Tag Archives: Oahu

Community Health Maps – A Citizen Science Project

At its core Community Health Maps (CHM) has always been a citizen science project. Since the beginning the most used and accessible component is community data collection. This is arguably the most important component as well. The foundation of any mapping project is data. While the world is awash in data, most of it is produced by federal and state agencies and importantly is not created at the community scale.  After several years of teaching CHM workshops, one thing that is abundantly clear is that communities often know the issues affecting their public health better than anyone coming from the outside. With CHM, communities can gather data on these issues via the citizenry.  CHM also allows agencies and NGO’s to leverage communities to crowd-source local data.

What makes Community Health Maps so effective is the workflow based in open source and low cost software. This allows Community Health Maps to be scalable across neighborhoods, counties and larger regions. The technology is accessible because of the low cost of entry. QGIS is open source and free of licensing fees. Fulcrum has a very reasonable subscription rate. The tools used are also intuitive. This has allowed CHM to go into communities and train the local citizens in data collection in just a few short hours.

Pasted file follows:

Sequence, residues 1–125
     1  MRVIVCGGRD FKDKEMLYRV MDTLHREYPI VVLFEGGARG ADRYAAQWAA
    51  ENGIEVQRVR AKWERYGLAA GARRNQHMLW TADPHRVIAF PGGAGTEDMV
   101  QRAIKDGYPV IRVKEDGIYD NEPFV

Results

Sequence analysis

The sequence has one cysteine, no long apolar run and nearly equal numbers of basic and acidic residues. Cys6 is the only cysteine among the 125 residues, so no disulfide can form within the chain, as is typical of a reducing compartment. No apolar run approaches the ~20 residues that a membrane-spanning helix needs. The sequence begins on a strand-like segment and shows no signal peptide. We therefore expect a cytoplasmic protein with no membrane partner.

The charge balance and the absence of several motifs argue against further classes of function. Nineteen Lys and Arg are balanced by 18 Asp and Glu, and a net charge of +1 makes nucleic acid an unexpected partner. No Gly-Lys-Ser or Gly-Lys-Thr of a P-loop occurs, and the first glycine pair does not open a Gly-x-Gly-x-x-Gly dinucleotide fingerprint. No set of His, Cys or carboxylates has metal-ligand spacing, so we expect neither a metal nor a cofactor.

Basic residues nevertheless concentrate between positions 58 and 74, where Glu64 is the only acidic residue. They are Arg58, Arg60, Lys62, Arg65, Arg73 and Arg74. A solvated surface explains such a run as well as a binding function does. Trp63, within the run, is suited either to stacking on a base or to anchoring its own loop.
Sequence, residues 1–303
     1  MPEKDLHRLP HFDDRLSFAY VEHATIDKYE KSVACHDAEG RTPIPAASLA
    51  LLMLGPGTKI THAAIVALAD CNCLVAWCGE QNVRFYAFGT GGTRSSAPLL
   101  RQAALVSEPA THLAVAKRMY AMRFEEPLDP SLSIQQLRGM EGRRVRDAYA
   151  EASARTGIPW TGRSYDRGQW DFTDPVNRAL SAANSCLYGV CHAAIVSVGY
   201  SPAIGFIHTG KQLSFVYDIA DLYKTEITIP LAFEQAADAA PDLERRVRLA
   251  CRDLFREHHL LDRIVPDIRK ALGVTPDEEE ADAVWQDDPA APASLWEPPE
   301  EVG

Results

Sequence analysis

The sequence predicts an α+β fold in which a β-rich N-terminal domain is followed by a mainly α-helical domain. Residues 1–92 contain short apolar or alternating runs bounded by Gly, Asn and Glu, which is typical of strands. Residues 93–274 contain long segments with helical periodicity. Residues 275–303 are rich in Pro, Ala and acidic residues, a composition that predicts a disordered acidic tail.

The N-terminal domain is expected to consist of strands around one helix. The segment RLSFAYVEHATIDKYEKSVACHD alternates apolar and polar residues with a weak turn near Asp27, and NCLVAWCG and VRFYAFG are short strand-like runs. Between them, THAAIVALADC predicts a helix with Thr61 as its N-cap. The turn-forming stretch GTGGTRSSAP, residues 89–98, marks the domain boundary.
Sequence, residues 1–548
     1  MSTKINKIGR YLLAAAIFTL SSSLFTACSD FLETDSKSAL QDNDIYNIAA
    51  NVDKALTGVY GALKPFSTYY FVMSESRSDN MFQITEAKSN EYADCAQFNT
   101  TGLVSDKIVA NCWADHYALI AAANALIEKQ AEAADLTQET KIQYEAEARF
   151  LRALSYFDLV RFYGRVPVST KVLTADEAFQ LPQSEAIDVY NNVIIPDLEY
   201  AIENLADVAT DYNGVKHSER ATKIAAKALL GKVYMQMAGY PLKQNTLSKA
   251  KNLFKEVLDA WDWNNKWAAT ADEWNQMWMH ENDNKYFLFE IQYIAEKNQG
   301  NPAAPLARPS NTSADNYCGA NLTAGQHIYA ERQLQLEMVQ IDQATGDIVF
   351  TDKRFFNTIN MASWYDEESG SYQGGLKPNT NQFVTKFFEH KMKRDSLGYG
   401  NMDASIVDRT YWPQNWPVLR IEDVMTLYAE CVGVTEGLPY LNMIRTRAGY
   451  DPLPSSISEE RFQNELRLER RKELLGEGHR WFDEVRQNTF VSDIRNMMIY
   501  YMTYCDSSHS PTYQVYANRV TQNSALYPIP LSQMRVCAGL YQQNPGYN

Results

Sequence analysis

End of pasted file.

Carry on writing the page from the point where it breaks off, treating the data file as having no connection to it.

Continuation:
Pilot Projects

During the spring and summer of 2013 the first two CHM pilot projects immediately demonstrated this citizen science potential:

Seattle

  • Papa Ola Lokahi with the Native Hawaiian and the Indigenous Health Office of Public Health Studies, University of Hawai’i Manoa used CHM to conduct windshield surveys of obesity factors in six Native Hawaiian communities.
Kahala

Obesity information collected in the Kahala commmunity and mapped in QGIS

Both of these pilot project implemented the train-the-trainer methodology. This allowed us to train community leaders, who in turn trained members of the community to collect the data.

Miami King Tides

The most recent and applied use of the CHM workflow in a crowd-sourcing effort took place in Miami in 2017. This is the most disaster-specific project CHM has undertaken and is still engaged in – the mapping of King Tides in Miami. King Tides is a term coined to refer to the highest tides of the year. They tend to come in the fall.

Researchers at Florida International University had already developed a data collection protocol involving data on water depth, salinity, and bacterial contamination. However, they lacked a workflow that would allow the results to be mapped. Plus the existing methodology made participation of the local community too complicated.